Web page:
Kenya’s First Civilian Female Aeronautic Engineer


As Florence takes you through her journey, you can only admire the tenacity of Kenya’s First Female Civilian Aeronautic Engineer. She makes it clear that the first female to open the doors in her field, now deceased, was military trained and did not pursue the profession on leaving the military.
Florence Akinyi Odero’s journey started in primary school in Nairobi, Kenya with a lot of encouragement from her maths teacher Mr. Daniel Karanja. As she says: “he made me appreciate maths as a vehicle to engineering and scientific careers. When I finished secondary school in 1990, I had my maths, physics and chemistry qualifications and knew I was edging closer to my dream career in Engineering.”
First she had to turn down a University offer to study archaeology. She says: “I was not too keen on archeology and did not want to invest time and money for a career I had no passion for. I probably had a passion for engineering carved out way before I had to select what studies to embark on”.
Not wanting to miss the opportunity for a joke, Florence adds: “Dr. Leakey had discovered whatever fossils there was to discover so I could not see what archeology would do for my career”.
Having convinced her Dad of her choice of career and passion for engineering Florence registered on a Mechanical Engineering course, Aeronautics option at Kenya Polytechnic in Nairobi, Kenya .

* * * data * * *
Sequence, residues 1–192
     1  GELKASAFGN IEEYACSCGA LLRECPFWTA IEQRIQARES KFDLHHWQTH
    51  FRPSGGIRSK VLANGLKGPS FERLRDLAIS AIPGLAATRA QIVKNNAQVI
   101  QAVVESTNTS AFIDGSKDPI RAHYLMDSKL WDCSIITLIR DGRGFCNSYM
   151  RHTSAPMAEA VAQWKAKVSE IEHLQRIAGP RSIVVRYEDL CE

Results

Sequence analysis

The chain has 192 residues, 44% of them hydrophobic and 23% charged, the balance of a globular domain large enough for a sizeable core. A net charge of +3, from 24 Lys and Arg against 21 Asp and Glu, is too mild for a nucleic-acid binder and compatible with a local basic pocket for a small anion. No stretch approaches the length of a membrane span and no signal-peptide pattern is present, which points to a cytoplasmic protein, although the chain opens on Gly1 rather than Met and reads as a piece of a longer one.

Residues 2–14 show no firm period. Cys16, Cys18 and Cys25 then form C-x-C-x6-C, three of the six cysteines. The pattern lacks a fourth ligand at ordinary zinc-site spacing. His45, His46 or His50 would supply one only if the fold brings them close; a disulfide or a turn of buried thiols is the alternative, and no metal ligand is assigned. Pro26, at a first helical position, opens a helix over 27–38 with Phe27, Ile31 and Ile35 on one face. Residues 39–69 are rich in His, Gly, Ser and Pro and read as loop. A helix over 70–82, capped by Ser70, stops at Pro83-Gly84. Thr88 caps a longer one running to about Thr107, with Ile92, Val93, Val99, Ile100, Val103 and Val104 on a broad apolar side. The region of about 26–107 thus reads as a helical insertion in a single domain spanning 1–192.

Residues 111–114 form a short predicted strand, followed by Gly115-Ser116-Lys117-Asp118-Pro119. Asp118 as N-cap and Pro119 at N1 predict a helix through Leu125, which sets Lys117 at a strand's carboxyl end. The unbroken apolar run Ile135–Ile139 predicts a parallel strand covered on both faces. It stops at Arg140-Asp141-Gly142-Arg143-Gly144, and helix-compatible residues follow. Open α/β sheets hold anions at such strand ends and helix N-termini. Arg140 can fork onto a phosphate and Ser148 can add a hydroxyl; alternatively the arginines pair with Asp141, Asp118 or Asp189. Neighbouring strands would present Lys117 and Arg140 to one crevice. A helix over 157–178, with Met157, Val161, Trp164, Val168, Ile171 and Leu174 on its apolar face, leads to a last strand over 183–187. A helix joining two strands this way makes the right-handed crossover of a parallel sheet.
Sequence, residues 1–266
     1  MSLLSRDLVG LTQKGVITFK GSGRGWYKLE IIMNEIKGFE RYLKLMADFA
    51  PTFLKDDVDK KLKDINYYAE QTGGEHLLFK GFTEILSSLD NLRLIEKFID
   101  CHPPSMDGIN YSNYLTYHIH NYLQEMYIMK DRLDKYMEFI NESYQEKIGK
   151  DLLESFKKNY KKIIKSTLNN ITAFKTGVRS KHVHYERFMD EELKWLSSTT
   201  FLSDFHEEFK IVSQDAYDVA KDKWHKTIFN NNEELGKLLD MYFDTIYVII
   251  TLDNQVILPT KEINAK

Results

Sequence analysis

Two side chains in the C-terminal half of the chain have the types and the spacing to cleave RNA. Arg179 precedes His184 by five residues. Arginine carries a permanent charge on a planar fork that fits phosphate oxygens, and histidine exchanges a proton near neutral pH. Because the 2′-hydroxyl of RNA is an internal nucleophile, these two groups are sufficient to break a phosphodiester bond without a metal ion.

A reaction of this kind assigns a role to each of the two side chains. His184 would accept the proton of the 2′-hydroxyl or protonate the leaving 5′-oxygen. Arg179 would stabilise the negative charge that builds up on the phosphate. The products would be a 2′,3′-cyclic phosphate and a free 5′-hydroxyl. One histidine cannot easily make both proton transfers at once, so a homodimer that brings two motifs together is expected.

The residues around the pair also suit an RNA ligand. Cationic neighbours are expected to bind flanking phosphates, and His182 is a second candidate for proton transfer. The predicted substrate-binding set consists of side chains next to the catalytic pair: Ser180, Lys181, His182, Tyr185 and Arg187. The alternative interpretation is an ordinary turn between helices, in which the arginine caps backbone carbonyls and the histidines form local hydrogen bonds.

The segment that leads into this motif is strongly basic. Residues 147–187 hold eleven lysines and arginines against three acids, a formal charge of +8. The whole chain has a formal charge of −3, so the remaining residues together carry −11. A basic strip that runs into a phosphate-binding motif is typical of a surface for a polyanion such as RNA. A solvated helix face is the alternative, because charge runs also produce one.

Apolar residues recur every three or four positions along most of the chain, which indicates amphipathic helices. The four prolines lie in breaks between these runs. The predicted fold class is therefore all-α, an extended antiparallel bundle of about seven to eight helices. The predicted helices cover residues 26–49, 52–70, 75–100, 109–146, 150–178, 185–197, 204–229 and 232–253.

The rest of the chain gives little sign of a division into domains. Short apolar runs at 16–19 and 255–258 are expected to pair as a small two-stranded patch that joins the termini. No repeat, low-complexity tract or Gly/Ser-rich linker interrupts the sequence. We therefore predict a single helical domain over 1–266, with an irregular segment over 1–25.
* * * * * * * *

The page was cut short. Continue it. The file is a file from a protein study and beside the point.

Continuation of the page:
As the only woman on the course the first year was tough having to deal with colleagues’ attitudes and apprehensions including insecurities about her venture into their supposed domain. She had also outlived her expected voluntary dropout date set by colleagues.
However, Florence had to relive the attitudes and insecurities again when she went looking for internships. She said:” It was either a comment about how I would upset the men’s insecurities or the employers had no confidence in a woman doing engineering.”
Tired, dejected and given up for the day, Florence and her elder sister Christine decided to pay a family friend a visit. This turned out to be Florence’s opportunity that has remained her place of work to date. Rachel was working for Mission Aviation Fellowship (MAF), a religious charity that provided help in inaccessible areas of East Africa. Their Chief Inspector Roland Knight gave Florence a 6 month internship.

Florence posing with one of her finished service jobs.

Florence embarked on her practical journey that has never been devoid of male apprehension of her abilities and capabilities. Having done all tasks from stripping down a whole light aircraft to re-assembling it to Acceptance check standards, Florence feels the doubters need to prove they can accept her worth as an engineer.
Florence finished her course in 1994 and worked for Kenya Airways first before finding employment with MAF again in 1997. She has slowly been ‘accepted’ but believes the perceptions will always be there for any other female coming into the field.


On how things could improve for women passionate about breaking into male-dominated fields, Florence pauses for a powerfully worded answer.”Women have to empower themselves before anyone can change anything. A lot of us give up easily when it gets tough rather than doing the opposite. Changes in perceptions and male insecurities should not be a woman’s problem to worry about.”
Florence feels she owes MAF a debt of gratitude and especially Roland Knight and Hugh Beck her trainer for believing in a female engineer. As for Rachel Wainana, Florence could not thank her enough for introducing her to MAF who remain her employers to date.

 

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